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Old 03-25-2015, 08:06 AM
 
Location: NNJ
8,513 posts, read 4,681,756 times
Reputation: 9152

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Quote:
Originally Posted by Supposn View Post
I’m a populist; I contend that a flat general sales tax is less regressive than a flat income tax.
The right wants people to succeed (at times at the expense of others.. including taxation)

The left wants to take care of people ( at the times at the expense of others.. including taxation).

... well at least that's what they want ordinary people to believe....

There's got to be a medium in which we can care for our citizens AND provide opportunities for success through class mobility.


Populist = a member or adherent of a political party seeking to represent the interests of ordinary people.

In history, we've seen this term thrown around like popcorn as a marketing word in hopes to send out a message that some party is lead by ordinary citizens and represents ordinary citizens. Kinda like that hair club for men ad... I'm not only the President, but I'm also a client. Heck, there are elements of this messaging used during the Nazi political rise. In truth, there have been hard right leaning populists as well as left leaning populists...... As far as I can tell, when people throw this term around, what they are really saying is anti-elitism (at least superficially).

If you are claiming to be a member of the more recent "American Populist Party"? If so, what is their platform on taxation? (I honestly don't know)


Personally, I have a hard time seeing how anyone who claims to be "for the ordinary people" show preference towards a sales tax over an income tax.
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Old 03-25-2015, 08:40 AM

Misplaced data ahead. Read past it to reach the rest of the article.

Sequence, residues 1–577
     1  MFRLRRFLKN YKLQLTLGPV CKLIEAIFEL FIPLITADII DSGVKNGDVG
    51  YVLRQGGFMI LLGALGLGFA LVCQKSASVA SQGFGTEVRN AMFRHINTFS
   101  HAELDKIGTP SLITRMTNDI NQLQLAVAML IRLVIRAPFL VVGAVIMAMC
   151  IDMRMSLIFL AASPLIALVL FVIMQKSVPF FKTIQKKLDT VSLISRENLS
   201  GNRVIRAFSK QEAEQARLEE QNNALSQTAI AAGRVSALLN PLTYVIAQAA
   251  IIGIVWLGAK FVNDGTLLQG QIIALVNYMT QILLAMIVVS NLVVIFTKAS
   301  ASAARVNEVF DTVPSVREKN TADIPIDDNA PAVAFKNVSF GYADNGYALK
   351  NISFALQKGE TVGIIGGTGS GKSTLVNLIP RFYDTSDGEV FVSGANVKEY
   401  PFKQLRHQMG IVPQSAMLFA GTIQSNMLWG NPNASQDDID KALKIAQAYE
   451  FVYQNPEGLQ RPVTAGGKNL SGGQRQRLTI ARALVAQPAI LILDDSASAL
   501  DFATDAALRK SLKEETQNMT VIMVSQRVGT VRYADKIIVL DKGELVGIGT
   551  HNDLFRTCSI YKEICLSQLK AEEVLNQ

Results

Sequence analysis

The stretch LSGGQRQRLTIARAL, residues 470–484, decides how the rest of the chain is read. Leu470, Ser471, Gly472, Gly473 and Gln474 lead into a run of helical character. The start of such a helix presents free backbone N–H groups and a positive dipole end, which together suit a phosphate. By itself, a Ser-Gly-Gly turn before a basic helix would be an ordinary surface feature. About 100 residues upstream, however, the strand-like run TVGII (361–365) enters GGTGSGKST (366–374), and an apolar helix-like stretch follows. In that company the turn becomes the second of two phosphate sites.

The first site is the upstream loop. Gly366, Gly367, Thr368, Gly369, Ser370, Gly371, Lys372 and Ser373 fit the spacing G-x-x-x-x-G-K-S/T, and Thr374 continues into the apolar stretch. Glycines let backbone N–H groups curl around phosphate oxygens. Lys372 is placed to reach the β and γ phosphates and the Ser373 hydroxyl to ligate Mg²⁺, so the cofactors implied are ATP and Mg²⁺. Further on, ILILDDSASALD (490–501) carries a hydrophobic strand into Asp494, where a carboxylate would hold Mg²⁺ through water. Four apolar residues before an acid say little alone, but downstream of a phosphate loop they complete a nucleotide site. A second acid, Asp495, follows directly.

24,843 posts, read 31,289,036 times
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I like our tax system just like it is.........I do not agree with very little part.........but, I do think it works.
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Old 03-25-2015, 09:16 AM
 
1,029 posts, read 563,818 times
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Originally Posted by Supposn
A flat general sales tax is less regressive than a flat income tax.

Quote:
Originally Posted by MrRational View Post
I think you have that backwards. ...
...
MrRational, generally sales taxes are not applied to sales or barter of intellectual property, real estate, and transferable financial instruments such as stocks, bonds or currency.
Calculations of taxable net incomes are reduced by expenditures for the purpose of acquiring wealth.
The proportion of all those afore mentioned items for which taxes are waived, are in proportion to the taxpayers’ individual and their aggregate actual net incomes are certainly no greater in the cases of sales taxes.

I contend that (even among the wealthiest taxpayers) purchases within the USA or goods purchased beyond our borders and brought into the USA, are more reflective the actual rather than the reported net incomes upon which federal net income taxes are based upon.

Due to the many waivers, exclusions and other income tax regulation more favorable to incomes not derived from wages and salaries, federal income taxes are much less progressive than conservatives would have us believe.

I contend transferring our major tax revenue sources from a basis of net income to a sales tax to the most feasible political and financial extent would result in a hybrid of both taxes upon gross sales and net incomes and only the wealthier taxpayers would pay income taxes.

I affirm my statement that it would result in a federal tax policy that is less regressive than our current policies.

Refer to the thread " Can the Fair tax ever be passed and enacted? ".

Respectfully, Supposn
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Old 03-25-2015, 09:51 AM
 
Location: The Triad (NC)
26,901 posts, read 58,020,547 times
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Quote:
Originally Posted by usayit View Post
The right wants people to succeed...
The left wants to take care of people...
Tripe.

Quote:
There's got to be a medium in which we can care for our citizens
AND provide opportunities for success through class mobility.
There is.

Achieving that balance depends on limiting the number of those who need to be cared for
which is the root problem we have today: TOO MANY who draw on public wealth.

Once upon a time the solutions would be about "jobs".